We want a world that is not engaged in endless war, where overwhelmingly it is poor and brown bodies that are blown into nothingness in the pursuit of white imperialism and domination. We want a world where the concentration of wealth does not sit in the greedy and closed hands of the one percenters. We want a world where no one becomes a climate change refugee.

We want governments that do not seek to control their citizenry through a massive surveillance apparatus while declaring it is for our own ‘security’ and ‘safety’ – this is one of the biggest lies we have been told this century.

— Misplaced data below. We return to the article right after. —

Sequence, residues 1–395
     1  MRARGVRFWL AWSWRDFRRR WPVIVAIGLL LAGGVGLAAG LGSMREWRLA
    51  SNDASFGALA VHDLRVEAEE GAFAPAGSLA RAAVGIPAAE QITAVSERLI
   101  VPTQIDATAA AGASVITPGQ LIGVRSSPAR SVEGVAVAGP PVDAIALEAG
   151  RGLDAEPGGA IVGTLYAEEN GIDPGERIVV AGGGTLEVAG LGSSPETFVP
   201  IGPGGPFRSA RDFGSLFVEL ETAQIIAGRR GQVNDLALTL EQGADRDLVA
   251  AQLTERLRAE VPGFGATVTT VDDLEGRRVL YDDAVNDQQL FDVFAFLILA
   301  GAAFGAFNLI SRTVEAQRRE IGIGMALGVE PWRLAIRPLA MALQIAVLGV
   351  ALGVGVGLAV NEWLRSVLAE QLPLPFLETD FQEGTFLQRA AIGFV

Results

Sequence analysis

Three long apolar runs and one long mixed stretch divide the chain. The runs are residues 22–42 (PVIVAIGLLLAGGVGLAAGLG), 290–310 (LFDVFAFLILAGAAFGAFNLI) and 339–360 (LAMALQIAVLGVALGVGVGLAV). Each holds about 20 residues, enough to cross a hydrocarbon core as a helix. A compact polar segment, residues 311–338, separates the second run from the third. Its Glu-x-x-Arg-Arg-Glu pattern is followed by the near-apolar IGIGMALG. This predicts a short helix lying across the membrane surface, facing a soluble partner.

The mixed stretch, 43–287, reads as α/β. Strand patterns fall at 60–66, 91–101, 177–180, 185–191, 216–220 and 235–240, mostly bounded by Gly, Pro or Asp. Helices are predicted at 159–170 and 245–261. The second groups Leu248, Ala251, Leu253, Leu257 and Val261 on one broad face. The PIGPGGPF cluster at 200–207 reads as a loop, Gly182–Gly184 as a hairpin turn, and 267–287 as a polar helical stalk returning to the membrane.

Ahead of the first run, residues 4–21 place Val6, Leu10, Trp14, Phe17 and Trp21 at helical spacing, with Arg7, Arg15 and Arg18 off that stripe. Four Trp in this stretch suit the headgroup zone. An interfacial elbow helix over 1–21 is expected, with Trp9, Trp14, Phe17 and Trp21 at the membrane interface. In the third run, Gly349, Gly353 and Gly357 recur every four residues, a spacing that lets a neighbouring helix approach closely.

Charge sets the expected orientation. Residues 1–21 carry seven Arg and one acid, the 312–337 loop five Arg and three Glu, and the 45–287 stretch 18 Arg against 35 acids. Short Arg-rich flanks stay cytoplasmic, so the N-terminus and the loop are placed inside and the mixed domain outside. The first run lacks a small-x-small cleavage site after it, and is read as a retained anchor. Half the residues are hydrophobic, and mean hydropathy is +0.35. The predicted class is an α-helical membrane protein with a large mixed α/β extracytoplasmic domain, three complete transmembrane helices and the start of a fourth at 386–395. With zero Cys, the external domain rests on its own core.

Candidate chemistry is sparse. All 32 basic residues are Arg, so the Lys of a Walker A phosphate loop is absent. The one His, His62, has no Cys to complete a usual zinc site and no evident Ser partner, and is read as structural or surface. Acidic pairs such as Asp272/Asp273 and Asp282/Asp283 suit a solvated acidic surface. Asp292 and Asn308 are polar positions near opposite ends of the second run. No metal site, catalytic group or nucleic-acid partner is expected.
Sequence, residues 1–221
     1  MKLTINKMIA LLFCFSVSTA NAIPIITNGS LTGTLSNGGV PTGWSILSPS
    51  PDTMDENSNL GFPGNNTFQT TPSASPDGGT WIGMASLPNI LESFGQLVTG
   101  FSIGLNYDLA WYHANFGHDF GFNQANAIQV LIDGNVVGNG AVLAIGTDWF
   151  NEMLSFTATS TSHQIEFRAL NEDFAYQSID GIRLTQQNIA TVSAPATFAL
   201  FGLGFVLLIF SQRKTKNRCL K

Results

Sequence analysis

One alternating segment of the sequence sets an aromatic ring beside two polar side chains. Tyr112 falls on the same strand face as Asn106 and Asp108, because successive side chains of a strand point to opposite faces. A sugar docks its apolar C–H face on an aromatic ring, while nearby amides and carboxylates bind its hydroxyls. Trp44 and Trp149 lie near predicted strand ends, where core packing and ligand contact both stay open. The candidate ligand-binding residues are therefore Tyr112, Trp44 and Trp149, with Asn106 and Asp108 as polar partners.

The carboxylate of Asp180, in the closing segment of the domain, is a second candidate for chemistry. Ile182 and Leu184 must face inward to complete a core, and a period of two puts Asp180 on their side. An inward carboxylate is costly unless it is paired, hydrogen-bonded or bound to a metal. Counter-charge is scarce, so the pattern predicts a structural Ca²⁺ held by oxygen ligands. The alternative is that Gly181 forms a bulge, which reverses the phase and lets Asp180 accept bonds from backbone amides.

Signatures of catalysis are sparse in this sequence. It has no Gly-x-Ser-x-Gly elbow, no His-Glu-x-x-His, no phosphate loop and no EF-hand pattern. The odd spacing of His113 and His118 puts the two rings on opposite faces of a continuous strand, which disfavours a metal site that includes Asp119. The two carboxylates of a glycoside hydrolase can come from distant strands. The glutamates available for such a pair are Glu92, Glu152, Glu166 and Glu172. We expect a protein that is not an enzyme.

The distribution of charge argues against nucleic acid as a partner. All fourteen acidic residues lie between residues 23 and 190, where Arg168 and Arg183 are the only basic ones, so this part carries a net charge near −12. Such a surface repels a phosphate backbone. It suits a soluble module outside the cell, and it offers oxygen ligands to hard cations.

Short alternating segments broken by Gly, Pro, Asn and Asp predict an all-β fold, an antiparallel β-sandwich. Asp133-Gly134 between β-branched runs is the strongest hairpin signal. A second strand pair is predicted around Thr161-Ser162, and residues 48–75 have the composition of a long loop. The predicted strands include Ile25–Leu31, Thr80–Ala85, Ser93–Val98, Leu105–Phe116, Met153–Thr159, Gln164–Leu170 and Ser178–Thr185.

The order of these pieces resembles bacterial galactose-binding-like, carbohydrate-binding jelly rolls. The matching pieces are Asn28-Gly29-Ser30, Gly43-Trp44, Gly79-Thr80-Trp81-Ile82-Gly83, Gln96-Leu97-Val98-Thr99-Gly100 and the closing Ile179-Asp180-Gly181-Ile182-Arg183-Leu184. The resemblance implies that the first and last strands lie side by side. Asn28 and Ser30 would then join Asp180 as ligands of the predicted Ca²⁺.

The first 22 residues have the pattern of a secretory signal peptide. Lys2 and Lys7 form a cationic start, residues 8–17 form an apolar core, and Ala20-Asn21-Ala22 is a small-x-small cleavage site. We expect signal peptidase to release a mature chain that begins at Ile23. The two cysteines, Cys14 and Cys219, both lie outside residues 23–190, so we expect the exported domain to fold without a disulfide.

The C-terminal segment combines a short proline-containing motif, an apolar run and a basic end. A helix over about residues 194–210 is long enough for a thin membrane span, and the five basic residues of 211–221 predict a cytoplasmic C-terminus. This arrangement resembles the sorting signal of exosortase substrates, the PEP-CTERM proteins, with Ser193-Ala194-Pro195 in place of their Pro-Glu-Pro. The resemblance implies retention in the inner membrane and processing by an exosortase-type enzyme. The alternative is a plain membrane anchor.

Our hearts are heavy with the knowledge that change can take generations and many lives. But we keep dreaming. We keep marching.

The spirit of dissidence is contagious; from Bahrain to Gaza to New York to Auckland, we are rising and dancing and shouting and demanding change NOW.

Megaphones booming, banners unfolding and fists pumping – we will fight.

 

 

 

 

 

 

 

 

1 COMMENT

  1. “John Key’s response was to tell us, dismissively, to “finish [our] degrees and go and get a job”.

    I recall the Minister of Education Steve Joyce saying the same. Which was kind of like having a Minister of Finance say there’s some economic problems and ‘everyone just needs to stop using money’. The Minister of Education says people should just get out of education?!